* Ms Elizabeth Lwanga, Director of the Africa Bureau in UNDP New York, visited northern Uganda .The visit was partly to consolidate UNDP's thinking on recovery interventions in the region.

* The US Ambassador to WFP and FAO in Rome, Tony Hall, visited the north and went out with WFP and FAO on respective food and seed distributions.

* Officials from the Swiss Development Co-operation visited northern Uganda on a follow-up mission to their visit last year. They met with IDPs and night commuters.

Source: United Nations Office for the Coordination of Humanitarian Affairs (OCHA)

Date: 31 Mar 2005

Free Uganda


    P.O BOX 7178, KAMPALA
    TEL.348584, FAX. 342364

    Hon. Amama Mbabazi,
    Minister of Defense.
    The Republic of Uganda.

    Hon.Ruhakana Rugunda,
    Minister of Internal Affairs
    The Republic of Uganda

    Dear Ministers,


    I would like to seriously draw your attention to the rampant violation of human rights by some section of the UPDF. I draw your attention in particular to the UPDF 11 battalion. The following are some of the extreme reported cases and there are others like beatings that seem to be normal now: -
    -On the 9/2/2005 Owiny P.Oneka of Paduny parish in Awach sub-county Aswa county was shot by UPDF from his house in Awach Camp.
    -On 15/2/2005 Nyeko Batulumayo of Paduny parish,Awach subcounty Aswa county was gunned down by UPDF.
    -On 18/2.2005 Ayella Vincent was killed in Awach Camp by UPDF.
    -On 18/2/2005 Kidega Richard a teacher of Olel P7 was killed by UPDF.
    -1/3/2005 Nyero David from Awach Camp was beaten to near death by UPDF-HE IS IN HOSPITAL.
    -2/3/2005 One Ave was killed in Awach camp area by UPDF.
    -19/2/2005 Odong Binoni of Pagik camp was tortured to near death by UPDF
    -5/3/2005 Oneka Kenneth of Pagik Camp was shot dead by the UPDF
    -5/3/2005 Onuna of Pagik was killed by UPDF.
    At this rate with the many tortures and beatings, 11 battalion will reduce our population greatly if you do not act. This same matter has been reported to the fourth division PC.

    Secondly I would like to draw your attention to the militarized rule of law and politicized detention of people without trial of people opposed to NRMO party in the entire Acholi sub-region. A week ago Mr.Orach Otim was arrested by UPDF from Pabbo camp and taken to Gulu military barrack where he is being detain-he is told that if he joins the movement (NRMO) then he would be release. Yesterday the Chairman LC1 of green valley in Gulu Mr.Olanya Stephen were arrested together with the LCV councilor of Lamogi Mr.Penytoo David by police on an alleged charge of attempting murder which was the right procedure but by 300pm they were taken away by UPDF from police custody. This in particular is worrying given the fact that the two were arrested by the state in 2002 on allegation of murder and treason only to be set free after more than one year of detention and torture when the state withdrew the case. This is part of the frame up charges because the last time state officials asked them to accept amnesty and support NRMO, which they refused, and to date this is their major crime. If the state has a case-take them to court and prison not UPDF barracks. Further to this Col.Otema Charles has been threatening these people after their first release with another nightmare if they dare continue with the opposition politics.Col.Otema Charles is openly campaigning for President Museveni and his third term project with serious threats to people opposed to that. From my sources, Col.Otema Charles is allegedly threatening death to the opposition leaders including me. He is further being allege to be planning to use former LRA rebels in his allege project. For this reason since there is no smoke without fire this is a serious warning signal, which you should seriously, investigate this matter. Mean while my safety and that of other leaders remain the responsibility of the state.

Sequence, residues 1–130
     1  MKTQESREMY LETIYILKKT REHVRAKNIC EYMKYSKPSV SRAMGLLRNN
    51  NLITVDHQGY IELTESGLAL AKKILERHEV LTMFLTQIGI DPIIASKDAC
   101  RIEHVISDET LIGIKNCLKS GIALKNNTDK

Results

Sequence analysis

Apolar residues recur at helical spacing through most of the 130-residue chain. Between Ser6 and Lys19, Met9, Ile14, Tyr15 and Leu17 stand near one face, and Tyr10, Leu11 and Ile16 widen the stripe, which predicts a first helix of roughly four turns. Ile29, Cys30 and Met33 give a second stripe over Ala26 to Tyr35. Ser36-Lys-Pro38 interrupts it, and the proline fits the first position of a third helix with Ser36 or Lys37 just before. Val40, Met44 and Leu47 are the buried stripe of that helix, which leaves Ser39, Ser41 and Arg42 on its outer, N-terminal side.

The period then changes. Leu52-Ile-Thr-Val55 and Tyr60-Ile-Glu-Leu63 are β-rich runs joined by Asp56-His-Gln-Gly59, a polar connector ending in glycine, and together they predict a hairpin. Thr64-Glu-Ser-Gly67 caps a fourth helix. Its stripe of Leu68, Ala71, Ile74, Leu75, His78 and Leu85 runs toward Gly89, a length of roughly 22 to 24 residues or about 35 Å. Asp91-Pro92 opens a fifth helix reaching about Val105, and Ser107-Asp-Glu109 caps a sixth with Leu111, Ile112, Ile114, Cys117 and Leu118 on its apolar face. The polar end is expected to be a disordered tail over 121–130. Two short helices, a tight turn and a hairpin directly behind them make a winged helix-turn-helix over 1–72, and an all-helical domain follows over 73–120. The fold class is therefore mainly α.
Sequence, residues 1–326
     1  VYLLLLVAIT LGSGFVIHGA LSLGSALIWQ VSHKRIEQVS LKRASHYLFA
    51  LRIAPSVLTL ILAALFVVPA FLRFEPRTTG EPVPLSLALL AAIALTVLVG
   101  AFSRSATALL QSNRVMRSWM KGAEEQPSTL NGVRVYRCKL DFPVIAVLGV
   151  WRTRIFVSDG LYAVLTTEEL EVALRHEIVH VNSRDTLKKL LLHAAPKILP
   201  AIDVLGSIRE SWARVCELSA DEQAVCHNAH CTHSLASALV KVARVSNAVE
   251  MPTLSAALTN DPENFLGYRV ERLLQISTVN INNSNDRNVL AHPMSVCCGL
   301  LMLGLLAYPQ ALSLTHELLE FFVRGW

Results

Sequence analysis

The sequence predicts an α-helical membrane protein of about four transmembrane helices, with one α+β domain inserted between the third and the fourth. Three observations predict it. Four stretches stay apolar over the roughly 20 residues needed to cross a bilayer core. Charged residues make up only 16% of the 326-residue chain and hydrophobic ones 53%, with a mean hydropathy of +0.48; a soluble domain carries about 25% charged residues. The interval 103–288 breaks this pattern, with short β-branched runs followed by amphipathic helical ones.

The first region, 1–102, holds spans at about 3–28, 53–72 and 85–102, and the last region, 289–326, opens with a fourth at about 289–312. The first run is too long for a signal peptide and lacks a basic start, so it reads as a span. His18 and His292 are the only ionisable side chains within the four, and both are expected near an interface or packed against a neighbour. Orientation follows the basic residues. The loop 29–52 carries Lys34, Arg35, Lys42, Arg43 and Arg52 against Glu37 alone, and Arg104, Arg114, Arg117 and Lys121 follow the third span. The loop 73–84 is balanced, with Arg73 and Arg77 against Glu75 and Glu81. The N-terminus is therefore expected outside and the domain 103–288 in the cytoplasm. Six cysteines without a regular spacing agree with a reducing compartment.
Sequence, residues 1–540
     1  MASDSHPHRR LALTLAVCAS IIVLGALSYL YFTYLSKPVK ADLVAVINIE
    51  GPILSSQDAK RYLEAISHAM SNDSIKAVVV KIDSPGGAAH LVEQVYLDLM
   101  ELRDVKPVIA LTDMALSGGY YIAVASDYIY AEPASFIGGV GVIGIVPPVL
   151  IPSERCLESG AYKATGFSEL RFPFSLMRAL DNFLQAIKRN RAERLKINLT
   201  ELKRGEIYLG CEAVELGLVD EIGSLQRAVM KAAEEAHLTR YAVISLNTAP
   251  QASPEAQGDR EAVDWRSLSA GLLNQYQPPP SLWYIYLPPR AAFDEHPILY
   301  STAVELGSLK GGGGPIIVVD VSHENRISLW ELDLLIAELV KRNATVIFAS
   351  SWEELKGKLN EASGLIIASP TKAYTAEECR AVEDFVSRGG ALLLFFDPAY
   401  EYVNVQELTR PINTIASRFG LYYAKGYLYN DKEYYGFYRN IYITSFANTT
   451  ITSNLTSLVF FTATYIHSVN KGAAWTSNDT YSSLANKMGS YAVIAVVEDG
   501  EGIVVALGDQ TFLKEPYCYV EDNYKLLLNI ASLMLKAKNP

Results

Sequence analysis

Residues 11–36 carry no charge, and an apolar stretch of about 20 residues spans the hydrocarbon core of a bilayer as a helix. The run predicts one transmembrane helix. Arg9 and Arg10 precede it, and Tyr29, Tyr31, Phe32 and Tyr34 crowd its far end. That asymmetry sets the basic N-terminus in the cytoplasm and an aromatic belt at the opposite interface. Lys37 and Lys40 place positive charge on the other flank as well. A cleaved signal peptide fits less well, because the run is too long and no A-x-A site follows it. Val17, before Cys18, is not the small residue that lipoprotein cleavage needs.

Thirdly Hon. Ministers, there is a high court standing order for UPDF division four to release the body of Peter Oloya who was killed by UPDF while on a night raid on 16/9/2002 where 22 prisoners were forcefully removed from Gulu central prison and they were taken and unlawfully detained at UPDF barracks for over 3 months until a high court order demanded for their transfer to civil prison before the state as usual dropped their murder/treason charges.

    This matters Hon.Ministers, I trust that you are senior and competent enough to handle because it does not only expose government in serious violation of human rights but as a government engaged in a mockery of a transition to multi-party democracy where state institutions are not fused with the interest of the ruling party.

    Thank you.
    Yours in struggle for good governance.



  • Typical with Museveni's dictatorship, they silence people who inform the world about the on going genocide in uganda. Farther Carlos was threatened with deportation and death, peasants their tongues are cut-out and now the writer of the above, a murder charge has been manufactured and planted on him and other true voices!! I think this is the right time to start a people's intifhada to send the regime packing!!

  • Interesting..........